To the same effect, also, is what follows, redeeming the time, that is, because intercourse with them is dangerous. For in Eph. 5:16, he assigns the reason, because the days are evil. "Amidst so great a corruption as prevails in the world we must seize opportunities of doing good, and we must struggle against impediments." The more, therefore, that our path is blocked up with occasions of offense, so much the more carefully must we take heed lest our feet should stumble, or we should stop short through indolence.

Tuesday, January 27, 2009


This article by David McCrory highlights the importance of a solid foundation in languages. The article is short, so I post it here in full:
Why is language mastery so important? Because as Christians we believe God is a God of His Word. The Lord has chosen to reveal Himself to mankind through His Word. The Scriptures tell us, “The Word became flesh, and dwelt among us, full of grace and truth,” (John 1:14). The infallible and immutable revelation of God to man contained in God’s Word is most clearly expressed in the medium of language. Every Christian should be proficient in the language arts to use as a tool in order to read and understand the Bible. Every pastor/teacher of God’s glorious Word needs a working knowledge of Hebrew, Greek, and Latin (grammar), able to delineate truth from falsehood in his doctrine (dialectic), and able to expound eloquently on the Scriptures (rhetoric).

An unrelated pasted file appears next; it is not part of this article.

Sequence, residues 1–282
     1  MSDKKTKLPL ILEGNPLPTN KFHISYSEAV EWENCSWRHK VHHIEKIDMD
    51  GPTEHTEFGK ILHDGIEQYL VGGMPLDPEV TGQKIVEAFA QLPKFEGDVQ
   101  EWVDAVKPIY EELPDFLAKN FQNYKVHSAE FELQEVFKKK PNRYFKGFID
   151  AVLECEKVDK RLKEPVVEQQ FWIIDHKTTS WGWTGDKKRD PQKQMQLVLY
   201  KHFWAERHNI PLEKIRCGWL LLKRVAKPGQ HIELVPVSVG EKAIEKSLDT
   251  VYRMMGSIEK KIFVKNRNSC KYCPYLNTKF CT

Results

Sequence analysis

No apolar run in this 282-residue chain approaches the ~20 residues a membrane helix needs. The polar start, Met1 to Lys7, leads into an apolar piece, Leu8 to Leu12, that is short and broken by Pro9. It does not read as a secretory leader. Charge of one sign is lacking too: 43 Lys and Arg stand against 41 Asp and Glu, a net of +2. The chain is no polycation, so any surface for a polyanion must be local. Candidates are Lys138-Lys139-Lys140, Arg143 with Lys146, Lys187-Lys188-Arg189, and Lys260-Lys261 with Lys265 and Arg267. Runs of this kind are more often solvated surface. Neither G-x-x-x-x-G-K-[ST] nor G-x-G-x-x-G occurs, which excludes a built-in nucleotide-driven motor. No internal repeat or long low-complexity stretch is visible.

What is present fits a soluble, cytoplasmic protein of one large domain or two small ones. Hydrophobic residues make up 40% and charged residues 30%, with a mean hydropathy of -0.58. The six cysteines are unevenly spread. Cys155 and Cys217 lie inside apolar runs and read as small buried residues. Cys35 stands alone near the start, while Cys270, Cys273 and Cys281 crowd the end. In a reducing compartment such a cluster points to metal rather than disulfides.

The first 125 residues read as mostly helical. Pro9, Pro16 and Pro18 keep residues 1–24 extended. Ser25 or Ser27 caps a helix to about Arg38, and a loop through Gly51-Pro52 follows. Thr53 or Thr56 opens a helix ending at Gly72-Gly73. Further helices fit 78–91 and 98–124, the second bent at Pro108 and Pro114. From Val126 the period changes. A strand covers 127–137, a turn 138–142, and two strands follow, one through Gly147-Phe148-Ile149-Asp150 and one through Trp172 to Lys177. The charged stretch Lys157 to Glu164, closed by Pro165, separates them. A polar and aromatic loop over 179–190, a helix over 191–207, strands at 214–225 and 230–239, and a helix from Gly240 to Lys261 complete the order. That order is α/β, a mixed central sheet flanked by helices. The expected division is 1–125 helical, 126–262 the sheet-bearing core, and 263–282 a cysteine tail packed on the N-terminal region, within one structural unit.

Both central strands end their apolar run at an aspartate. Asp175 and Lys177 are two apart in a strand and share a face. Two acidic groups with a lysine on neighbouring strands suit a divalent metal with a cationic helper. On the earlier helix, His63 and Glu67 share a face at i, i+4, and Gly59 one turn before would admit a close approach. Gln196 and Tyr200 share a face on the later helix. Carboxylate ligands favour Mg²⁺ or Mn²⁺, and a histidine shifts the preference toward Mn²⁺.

Language is also the medium in which both truth and lies are expressed. Yet, Jesus promised that we should know the truth, and that knowing it, it will set us free. Understanding the proper use of language is something every Christian ought to have mastery over in order to be able to discern the truth from a lie. Our modern culture has learned the power of language and uses it to pervert truth. In addition to this, the commission of every Christian is to witness to the truth of Jesus Christ. The ability to effectively and eloquently express truth is not optional for believers. So that while a firm comprehension of Biblical truth is essential for knowing truth, equipping ourselves with the proper linguistic tools helps us disseminate the Truth to others.
We must not only be equipped to understand Scripture, but also to communicate the concepts we learn to those around us.

Monday, January 26, 2009

Notable Quotables